GE Wins Contract For 600 MW Integrated Solar Combined-Cycle Project In Saudi Arabia

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General Electric (GE) has won a contract to supply a 600 MW integrated solar combined-cycle power plant for the Green Duba project in Saudi Arabia, according to recent reports.

As the name of the project implies, it is being developed in the Saudi Red Sea port-city of Duba — by the country’s utility, the Saudi Electricity Company. The project represents Saudi Arabia’s first (presumably in a line of projects) integration of concentrating solar energy technology in a combined-cycle power plant.

Saudi Arabia flag

As per what’s been revealed, the parabolic trough portion of the project will generate around 50 MW. Note that this project is quite similar to the concentrated solar power and gas plant in Abu Dhabi, UAE, called Shams 1. Also worth noting (though not pertaining to renewables), is that this project will also mark Saudi Arabia’s first use of condensate as a gas-turbine fuel.

Reportedly, the project will mostly utilize F-class gas turbines for energy generation, with the concentrating solar parabolic trough addition being a sort of “don’t put all your eggs in one basket” kind of thing. Or perhaps the country is dipping its toes in here in order to see how it works before progressing with bigger projects.

The full order from GE includes: “two highly efficient, reliable F-class gas turbines, a 7F.05 and a 7F.03; steam turbine; generators; heat recovery steam generators (HRSG); condenser; boiler feed pumps; Mark VIe distributed control system and a long-term service agreement.”

The project as a whole will generate enough electricity every year to power the equivalent of ~600,000 households.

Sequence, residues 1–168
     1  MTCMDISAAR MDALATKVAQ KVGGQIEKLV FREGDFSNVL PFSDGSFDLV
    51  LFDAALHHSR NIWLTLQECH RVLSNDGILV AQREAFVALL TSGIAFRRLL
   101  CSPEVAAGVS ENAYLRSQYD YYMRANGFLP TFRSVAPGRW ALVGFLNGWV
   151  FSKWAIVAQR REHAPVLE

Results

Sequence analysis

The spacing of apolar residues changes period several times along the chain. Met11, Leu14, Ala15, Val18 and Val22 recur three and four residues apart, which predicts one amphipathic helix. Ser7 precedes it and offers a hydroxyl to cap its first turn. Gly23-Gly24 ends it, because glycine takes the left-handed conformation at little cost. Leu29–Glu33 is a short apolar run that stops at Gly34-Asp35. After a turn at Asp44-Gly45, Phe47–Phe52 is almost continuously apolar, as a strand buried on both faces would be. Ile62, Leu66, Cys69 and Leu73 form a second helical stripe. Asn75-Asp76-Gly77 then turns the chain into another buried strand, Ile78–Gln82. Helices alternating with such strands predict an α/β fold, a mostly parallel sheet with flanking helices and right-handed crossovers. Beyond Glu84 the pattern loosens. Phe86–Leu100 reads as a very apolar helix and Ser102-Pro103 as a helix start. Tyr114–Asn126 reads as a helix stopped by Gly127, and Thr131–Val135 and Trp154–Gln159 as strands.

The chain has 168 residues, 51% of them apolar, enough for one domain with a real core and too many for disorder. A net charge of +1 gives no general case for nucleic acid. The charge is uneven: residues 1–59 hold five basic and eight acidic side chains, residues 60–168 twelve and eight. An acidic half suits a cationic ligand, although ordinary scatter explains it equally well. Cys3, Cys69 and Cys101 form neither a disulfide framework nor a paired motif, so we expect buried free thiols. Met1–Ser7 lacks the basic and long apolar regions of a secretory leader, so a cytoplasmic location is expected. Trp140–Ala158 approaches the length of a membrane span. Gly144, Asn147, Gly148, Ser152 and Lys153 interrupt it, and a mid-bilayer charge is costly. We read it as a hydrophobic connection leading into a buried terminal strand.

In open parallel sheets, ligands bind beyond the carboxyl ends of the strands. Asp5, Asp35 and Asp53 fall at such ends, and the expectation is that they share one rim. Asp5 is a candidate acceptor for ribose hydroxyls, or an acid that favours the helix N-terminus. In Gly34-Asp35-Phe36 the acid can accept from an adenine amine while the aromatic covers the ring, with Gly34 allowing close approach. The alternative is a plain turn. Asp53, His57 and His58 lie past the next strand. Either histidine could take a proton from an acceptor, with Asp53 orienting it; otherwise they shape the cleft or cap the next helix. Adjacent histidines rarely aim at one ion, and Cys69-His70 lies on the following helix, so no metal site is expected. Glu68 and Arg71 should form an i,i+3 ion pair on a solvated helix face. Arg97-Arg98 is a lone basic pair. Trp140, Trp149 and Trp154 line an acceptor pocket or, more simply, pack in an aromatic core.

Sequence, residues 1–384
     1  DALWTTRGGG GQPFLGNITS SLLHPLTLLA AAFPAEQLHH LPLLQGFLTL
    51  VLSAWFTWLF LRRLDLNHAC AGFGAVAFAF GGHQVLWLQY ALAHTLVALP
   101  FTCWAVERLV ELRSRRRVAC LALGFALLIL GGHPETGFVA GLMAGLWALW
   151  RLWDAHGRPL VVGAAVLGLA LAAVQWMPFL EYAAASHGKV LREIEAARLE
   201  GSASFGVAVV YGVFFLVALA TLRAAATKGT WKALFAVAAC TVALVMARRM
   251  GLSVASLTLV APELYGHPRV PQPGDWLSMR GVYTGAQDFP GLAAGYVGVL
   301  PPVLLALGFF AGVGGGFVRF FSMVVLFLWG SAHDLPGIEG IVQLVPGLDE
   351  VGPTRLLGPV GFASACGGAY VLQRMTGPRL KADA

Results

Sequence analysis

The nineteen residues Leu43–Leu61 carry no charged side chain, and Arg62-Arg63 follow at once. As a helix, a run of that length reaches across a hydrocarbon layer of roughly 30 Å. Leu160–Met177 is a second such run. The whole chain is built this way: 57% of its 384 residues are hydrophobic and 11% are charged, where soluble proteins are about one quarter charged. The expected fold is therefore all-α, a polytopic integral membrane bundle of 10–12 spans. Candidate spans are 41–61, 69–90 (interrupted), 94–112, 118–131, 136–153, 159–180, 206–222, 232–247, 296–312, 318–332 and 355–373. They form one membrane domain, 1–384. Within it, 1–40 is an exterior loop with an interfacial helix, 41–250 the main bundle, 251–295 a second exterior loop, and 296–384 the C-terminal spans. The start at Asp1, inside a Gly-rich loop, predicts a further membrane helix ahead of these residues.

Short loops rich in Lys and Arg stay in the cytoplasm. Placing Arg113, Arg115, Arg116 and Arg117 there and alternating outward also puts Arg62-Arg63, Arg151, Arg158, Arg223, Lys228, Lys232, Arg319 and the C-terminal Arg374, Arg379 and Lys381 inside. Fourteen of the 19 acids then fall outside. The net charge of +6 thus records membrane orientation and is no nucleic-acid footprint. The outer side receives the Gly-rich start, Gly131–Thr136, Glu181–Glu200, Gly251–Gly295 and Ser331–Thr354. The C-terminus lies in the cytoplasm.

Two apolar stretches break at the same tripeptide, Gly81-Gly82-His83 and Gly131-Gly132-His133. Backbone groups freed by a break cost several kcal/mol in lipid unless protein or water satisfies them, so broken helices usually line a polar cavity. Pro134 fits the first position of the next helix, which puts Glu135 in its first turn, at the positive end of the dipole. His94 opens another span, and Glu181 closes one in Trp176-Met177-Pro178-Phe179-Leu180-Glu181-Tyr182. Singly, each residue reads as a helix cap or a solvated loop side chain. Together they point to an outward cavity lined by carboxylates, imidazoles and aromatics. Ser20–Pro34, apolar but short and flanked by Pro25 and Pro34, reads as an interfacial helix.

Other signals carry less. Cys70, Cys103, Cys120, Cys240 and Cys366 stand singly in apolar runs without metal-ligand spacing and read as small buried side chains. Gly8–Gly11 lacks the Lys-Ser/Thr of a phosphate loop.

Commenting on the project (to Zawya), the Saudi Electricity Company’s CEO, Ziyad M Alshiha, noted that the region where the project was being developed was a “developing region with limited grid interconnection, so the additional power generated by the Green Duba project will be tremendously important in supporting growth.”

“We expect the plant to provide cost-efficiencies over its lifecycle, along with the fuel flexibility and solar capabilities needed to support the Kingdom’s fuel conservation and renewable technology initiatives.”

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James Ayre

James Ayre's background is predominantly in geopolitics and history, but he has an obsessive interest in pretty much everything. After an early life spent in the Imperial Free City of Dortmund, James followed the river Ruhr to Cofbuokheim, where he attended the University of Astnide. And where he also briefly considered entering the coal mining business. He currently writes for a living, on a broad variety of subjects, ranging from science, to politics, to military history, to renewable energy.

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3 thoughts on “GE Wins Contract For 600 MW Integrated Solar Combined-Cycle Project In Saudi Arabia

  • This is pretty much greenwashing: 50 MW of CSP solar to 550 MW gas. The most favourable reading is that it allows GE – not hitherto a player – and Saudi Arabia to get some hands-on experience with the technology.

    • That most new capacity is now gas (either NG or condensate) is an environmental improvement in itself for a country that has historically leaned heavily on fuel oil for electricity generation.

      But you’re right, the solar part is pathetic. Oh well, let’s be generous and say that it’s a demo project 🙂

  • Saudi Arabia gets most of its power generation from burning its own oil.
    Obviously, even with the current dip in oil prices, it would make much better business sense to use PV panels to generate power and make more money selling the oil abroad. And that oil will run out one day.
    Arabia has the sun and empty space to power all of the Middle East.

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